What is Alternation?
Alternation allows employees to exchange positions with non-affected indeterminate employees who wish to leave the public service (6.2.2). This system is only available to opting employees, not to surplus or laid-off employees.
When can an employee alternate with another employee?
During the 120 day opting period, opting employees can alternate with non-affected employees who wish to leave the public service with a transition support measure oreducation allowance.
There are a few requirements:
- both positions must be at the same level or equivalent (maximum rate for higher paid position is no more than six per cent higher than that of the lower position);
- the opting employee must meet the requirements of the position, including language requirements;
- the alternating employee must meet the requirements of the other position unless they won't be performing the job and will be laid off within five days of the move;
- they have to exchange positions on the same day.
Management decides whether to allow the employees to alternate. Article 6.2.4 of the WFAA states that management will decide if the proposed alternation "is likely to result in retention of the skills required to meet the ongoing needs of the position and the core public administration." As well, they must be qualified for the position. As such, they will do a merit assessment of the person requesting the alternation.
While it is management that decides whether to allow the alternation, they must be fair and seriously consider all requests. The requests for alternation and potential matches should be discussed at the WFA committees. If management refuses a request for alternation, they should be able to demonstrate why they refused and the refusal should be reasonable. The union should try and deal with any issues or disputes at the WFA committees.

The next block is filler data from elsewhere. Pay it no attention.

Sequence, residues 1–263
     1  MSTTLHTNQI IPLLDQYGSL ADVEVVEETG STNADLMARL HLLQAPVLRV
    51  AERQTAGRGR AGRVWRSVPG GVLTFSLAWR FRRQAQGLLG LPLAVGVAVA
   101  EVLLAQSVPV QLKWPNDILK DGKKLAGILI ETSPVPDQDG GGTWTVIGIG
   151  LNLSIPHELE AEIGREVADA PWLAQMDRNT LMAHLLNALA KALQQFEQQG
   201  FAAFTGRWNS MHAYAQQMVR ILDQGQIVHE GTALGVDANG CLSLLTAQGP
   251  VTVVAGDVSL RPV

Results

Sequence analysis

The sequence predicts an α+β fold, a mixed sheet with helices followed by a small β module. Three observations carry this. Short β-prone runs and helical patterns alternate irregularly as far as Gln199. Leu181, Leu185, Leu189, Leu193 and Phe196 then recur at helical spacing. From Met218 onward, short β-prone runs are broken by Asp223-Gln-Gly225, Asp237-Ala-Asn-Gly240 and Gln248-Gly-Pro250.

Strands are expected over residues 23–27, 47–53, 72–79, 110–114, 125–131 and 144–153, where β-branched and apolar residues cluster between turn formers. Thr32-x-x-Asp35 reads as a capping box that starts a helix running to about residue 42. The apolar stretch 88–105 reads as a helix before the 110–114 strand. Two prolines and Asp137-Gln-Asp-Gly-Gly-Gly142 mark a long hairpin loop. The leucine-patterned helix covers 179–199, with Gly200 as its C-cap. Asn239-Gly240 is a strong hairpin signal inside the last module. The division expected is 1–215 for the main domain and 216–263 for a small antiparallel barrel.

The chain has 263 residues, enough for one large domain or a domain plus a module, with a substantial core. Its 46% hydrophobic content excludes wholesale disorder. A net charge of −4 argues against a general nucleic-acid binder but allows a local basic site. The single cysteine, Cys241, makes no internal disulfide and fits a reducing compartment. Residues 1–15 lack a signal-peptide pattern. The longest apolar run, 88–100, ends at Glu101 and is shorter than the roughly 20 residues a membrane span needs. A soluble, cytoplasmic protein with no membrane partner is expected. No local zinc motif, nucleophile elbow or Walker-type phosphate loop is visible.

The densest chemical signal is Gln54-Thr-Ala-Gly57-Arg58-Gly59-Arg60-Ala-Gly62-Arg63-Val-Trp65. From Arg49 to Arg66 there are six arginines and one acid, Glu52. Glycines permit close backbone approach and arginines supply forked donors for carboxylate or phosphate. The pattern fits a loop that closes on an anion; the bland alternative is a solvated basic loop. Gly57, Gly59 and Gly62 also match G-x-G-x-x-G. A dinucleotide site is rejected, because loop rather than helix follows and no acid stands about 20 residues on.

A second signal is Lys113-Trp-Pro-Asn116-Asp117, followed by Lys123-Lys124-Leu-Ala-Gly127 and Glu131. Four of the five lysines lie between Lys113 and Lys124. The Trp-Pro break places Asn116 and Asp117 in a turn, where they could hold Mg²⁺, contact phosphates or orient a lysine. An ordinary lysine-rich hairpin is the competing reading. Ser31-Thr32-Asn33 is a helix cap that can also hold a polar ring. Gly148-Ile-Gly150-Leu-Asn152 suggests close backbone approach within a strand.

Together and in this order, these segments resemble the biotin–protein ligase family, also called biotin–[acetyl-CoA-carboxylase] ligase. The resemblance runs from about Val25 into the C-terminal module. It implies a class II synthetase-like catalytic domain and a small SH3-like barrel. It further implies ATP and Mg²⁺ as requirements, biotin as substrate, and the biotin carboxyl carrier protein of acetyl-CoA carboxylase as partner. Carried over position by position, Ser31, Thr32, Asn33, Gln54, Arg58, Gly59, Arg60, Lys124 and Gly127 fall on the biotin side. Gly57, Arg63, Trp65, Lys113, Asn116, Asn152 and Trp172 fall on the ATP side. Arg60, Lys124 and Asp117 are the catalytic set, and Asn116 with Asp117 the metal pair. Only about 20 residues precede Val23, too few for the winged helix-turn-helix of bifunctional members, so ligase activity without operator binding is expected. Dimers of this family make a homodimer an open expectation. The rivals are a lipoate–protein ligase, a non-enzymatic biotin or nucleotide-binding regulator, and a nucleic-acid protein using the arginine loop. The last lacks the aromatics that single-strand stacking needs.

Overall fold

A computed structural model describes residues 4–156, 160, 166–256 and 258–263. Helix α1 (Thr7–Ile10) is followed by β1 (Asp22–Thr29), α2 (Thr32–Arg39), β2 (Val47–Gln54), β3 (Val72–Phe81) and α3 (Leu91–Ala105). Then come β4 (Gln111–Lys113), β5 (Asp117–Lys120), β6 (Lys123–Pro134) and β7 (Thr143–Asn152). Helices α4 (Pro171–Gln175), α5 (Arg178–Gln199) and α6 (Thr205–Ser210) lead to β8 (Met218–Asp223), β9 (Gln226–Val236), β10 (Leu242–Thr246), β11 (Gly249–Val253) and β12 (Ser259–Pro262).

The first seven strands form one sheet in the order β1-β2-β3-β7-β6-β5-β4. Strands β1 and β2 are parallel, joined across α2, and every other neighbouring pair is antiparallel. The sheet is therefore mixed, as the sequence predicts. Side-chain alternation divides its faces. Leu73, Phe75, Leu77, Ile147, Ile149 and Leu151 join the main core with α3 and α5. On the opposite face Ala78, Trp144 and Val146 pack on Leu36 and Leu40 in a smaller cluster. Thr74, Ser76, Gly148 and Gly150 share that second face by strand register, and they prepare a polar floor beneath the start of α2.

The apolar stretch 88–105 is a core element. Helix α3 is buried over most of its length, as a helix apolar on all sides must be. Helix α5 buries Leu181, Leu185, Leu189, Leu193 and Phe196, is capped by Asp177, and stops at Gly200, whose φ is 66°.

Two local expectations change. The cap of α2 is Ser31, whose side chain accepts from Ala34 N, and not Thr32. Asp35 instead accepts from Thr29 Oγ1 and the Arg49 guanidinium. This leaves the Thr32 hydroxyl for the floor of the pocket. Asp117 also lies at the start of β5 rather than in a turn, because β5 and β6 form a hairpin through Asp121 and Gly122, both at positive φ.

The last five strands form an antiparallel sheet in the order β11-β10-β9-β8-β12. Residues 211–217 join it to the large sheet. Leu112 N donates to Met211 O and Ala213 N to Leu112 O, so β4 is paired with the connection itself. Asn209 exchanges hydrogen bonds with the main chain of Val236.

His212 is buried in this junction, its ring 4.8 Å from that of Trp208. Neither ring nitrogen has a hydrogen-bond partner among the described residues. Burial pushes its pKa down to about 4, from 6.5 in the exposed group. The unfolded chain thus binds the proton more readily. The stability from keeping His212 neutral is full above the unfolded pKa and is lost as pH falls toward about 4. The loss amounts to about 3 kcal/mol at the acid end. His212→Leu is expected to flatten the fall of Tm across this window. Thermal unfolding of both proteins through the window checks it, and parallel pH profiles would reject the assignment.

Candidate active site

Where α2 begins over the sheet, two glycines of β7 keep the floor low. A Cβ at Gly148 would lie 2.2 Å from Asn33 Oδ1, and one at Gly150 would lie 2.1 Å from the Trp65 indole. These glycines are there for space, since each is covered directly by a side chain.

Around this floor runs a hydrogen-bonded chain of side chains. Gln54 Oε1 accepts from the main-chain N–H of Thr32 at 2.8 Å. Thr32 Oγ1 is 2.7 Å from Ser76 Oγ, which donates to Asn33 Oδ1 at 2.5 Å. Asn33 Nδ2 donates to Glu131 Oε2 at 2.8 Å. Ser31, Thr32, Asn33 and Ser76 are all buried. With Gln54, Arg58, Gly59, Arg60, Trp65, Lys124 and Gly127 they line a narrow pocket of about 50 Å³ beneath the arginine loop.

How will job matching for alternation work?
All departments must participate in alternation and departments should also have their own alternation process in place.
The union supports the use of web based alternation tools, as long as these tools are not a barrier to participation, employment equity and accommodation considerations, union representation and other more interpersonal tools already in place. The union has some concerns about the accessibility of this web forum; for example, not all of our members have ready access to a computer. The union does not believe that web based tools exempt the employer from active participation and management of the alternation process, and we will be working hard to ensure that a process is put in place to assist all employees who are eligible to alternate.
What should I do if I want to alternate now or if I need an Alternate now because I'm opting?
If you are an opting employee and want to alternate, or if you are an alternate and want to leave the public service in the place of an opting employee, we recommend: